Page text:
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The Spokesman-Review Newspaper

The Spokesman-Review Newspaper The Spokesman-Review

Spokane, Washington  Est. May 19, 1883
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Then and Now: Mohawk Building

The Mohawk Building, on the 500 block of West Riverside, was a prime business location. It was built shortly after the 1889 fire that leveled Downtown Spokane and IXL Clothing moved in sometime around 1895. The building was torn down in 2006 along with the 1930s New Rookery building.

Image one Image two
Image One Northwest Room | Spokane Public Library
Image Two Jesse Tinsley | The Spokesman-Review

Then and Now: Mohawk Building

Jacob “Jake” Goldstein, born around 1868 in Pennsylvania, arrived in Spokane the year before the great fire of 1889 and made a name for himself in the retail clothing business.

Around 1890, he began working at the IXL Clothing Company founded and run by brothers Gustav and Hermann Hanauer. IXL was a popular business name of that era: a play on the phrase “I excel.” They offered dressy clothes for men and boys.

The first store was at 18 E. Riverside Ave. and carried silk handkerchiefs, smoking jackets, silk umbrellas and fancy vests. In 1891, the store offered a small gift to every holiday customer who spent more than a dollar: a choice of a box of candy or a doll.

In the mid-1890s, the store moved to the ground floor of the Mohawk building on the 500 block of Riverside, seen at left in the 1895 photo.

Hanauer had financial trouble in 1896 and sold out to Abe Goldstein of Jamestown, New York, who had a similar store in New York. Details of the relationship are unknown, but Jacob Goldstein became the sole owner and manager in 1897.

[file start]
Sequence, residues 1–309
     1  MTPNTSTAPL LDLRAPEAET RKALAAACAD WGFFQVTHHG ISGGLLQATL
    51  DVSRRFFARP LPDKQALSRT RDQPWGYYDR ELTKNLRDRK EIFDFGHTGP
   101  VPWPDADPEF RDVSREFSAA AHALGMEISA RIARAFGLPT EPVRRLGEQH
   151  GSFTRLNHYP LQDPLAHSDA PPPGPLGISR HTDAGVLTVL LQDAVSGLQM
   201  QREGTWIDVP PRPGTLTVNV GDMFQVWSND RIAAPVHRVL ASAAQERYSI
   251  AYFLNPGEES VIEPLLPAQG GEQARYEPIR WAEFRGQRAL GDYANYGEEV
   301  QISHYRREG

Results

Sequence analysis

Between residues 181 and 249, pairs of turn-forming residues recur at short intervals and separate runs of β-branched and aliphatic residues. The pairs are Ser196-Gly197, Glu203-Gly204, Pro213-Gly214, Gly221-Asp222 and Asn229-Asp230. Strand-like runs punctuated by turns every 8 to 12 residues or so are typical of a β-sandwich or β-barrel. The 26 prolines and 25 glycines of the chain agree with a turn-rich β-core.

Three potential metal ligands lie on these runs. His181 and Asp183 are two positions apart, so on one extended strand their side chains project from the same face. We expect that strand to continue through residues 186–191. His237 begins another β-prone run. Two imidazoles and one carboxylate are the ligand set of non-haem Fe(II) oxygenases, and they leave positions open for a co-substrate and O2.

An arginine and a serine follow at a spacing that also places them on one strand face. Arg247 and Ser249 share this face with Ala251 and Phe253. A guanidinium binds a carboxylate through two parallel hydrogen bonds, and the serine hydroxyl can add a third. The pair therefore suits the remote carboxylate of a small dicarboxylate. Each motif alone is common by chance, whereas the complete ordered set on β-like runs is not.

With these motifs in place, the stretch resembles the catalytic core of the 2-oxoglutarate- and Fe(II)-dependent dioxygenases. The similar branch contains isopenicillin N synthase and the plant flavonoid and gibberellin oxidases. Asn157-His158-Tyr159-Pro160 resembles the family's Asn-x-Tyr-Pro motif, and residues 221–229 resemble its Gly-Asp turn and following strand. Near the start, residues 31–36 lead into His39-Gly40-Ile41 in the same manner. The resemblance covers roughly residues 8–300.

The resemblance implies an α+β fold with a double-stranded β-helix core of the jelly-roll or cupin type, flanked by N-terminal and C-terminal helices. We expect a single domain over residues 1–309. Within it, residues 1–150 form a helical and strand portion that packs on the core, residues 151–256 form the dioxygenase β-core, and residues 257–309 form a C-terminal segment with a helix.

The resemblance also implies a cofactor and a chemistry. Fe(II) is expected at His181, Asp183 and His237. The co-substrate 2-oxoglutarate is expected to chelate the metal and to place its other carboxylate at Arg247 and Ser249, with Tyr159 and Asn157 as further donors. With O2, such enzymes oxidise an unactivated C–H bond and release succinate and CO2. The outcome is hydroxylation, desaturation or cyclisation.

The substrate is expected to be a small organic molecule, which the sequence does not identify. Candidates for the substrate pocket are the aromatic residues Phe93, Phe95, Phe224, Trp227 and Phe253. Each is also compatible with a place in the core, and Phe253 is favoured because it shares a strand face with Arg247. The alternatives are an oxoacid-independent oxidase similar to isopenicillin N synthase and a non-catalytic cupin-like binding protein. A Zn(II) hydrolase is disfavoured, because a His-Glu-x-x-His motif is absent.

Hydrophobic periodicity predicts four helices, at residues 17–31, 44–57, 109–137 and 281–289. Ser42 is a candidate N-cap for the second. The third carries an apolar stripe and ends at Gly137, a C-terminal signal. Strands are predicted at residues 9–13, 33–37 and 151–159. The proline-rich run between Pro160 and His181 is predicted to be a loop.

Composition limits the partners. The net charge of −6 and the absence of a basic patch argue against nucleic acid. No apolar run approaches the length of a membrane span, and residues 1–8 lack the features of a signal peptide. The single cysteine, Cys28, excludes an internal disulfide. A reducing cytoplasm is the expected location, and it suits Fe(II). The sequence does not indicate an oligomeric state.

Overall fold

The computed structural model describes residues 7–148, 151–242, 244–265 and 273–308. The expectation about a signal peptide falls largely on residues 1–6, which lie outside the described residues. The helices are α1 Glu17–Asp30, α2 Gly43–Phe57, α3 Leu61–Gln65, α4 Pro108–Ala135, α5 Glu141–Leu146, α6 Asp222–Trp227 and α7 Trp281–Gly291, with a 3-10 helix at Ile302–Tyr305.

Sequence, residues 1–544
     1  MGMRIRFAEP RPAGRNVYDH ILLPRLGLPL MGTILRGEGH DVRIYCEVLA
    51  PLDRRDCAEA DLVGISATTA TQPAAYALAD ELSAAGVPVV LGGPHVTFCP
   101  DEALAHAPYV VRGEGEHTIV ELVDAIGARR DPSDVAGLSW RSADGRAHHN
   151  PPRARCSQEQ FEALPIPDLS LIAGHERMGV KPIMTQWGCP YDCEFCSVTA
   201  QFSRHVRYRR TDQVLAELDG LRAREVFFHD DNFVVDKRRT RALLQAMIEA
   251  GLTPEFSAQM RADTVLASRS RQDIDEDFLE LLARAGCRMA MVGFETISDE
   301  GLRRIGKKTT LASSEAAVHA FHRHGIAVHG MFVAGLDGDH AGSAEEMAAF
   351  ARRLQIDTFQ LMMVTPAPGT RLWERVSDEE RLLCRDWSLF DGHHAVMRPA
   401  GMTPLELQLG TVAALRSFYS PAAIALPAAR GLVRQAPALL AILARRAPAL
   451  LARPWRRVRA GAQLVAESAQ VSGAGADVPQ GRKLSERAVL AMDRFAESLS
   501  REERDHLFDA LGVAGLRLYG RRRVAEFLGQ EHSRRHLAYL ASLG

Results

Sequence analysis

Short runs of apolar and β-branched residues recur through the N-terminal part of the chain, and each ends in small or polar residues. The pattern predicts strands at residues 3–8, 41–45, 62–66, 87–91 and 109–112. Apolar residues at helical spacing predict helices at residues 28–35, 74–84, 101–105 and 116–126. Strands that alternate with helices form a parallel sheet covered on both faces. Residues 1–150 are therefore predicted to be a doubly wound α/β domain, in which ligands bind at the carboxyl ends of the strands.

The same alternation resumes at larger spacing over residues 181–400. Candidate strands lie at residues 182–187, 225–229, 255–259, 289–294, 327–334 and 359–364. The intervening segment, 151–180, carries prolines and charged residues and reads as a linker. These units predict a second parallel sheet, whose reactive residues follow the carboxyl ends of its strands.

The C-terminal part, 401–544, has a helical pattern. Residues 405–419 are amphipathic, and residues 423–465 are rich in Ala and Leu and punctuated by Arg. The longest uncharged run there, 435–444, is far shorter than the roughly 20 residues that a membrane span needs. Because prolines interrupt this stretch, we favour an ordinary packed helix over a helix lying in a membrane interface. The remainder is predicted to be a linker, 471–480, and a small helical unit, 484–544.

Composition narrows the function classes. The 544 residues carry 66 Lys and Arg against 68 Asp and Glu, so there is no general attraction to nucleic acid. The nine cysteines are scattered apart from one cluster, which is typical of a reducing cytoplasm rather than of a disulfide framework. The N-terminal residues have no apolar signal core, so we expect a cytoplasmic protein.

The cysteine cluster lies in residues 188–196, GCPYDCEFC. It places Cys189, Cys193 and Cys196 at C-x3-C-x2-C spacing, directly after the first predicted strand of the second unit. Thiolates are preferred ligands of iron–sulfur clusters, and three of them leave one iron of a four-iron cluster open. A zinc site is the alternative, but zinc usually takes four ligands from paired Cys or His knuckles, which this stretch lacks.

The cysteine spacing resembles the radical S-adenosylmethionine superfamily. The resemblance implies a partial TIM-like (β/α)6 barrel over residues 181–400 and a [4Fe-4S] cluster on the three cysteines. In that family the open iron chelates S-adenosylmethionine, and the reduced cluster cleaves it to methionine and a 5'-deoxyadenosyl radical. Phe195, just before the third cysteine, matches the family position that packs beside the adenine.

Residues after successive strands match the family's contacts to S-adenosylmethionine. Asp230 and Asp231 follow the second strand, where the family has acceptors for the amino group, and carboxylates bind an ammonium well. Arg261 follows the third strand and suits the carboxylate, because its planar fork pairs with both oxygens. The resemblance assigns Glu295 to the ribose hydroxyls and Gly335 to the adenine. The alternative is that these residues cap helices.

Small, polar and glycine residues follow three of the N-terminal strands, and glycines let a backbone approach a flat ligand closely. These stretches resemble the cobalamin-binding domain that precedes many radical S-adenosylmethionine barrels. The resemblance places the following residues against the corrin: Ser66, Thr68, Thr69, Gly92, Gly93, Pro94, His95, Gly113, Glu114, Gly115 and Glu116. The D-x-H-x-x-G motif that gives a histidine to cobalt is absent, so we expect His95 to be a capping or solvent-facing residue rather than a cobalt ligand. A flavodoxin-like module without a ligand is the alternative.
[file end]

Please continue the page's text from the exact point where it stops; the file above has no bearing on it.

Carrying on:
Goldstein would become well known for his marketing savvy and knowledge of men’s style.

Goldstein was a charter member of the Spokane Chamber of Commerce, organized in 1897.

He also worked to establish the Spokane Interstate Fair when it incorporated in 1901. He volunteered with the Elks Club and other social and business groups.

Goldstein also served on the board of the Young Men’s and Young Women’s Jewish Association in Spokane. The Y.M. & Y.W.H.A. was a nationwide organization that welcomed new Jewish immigrants, taught them English and gave them a chance to socialize with others from their home regions of Europe. The organization led to building Jewish Community Centers in cities across the country.

After 25 years in business, both at the Mohawk building on Riverside Avenue and the last several years in the Paulsen building, Goldstein closed down his store in 1922, then took a job as a buyer and menswear manager at Culbertson’s department store. He did the same job for the Eastern Outfitters company until a year before he died in 1941 at the age of 72.

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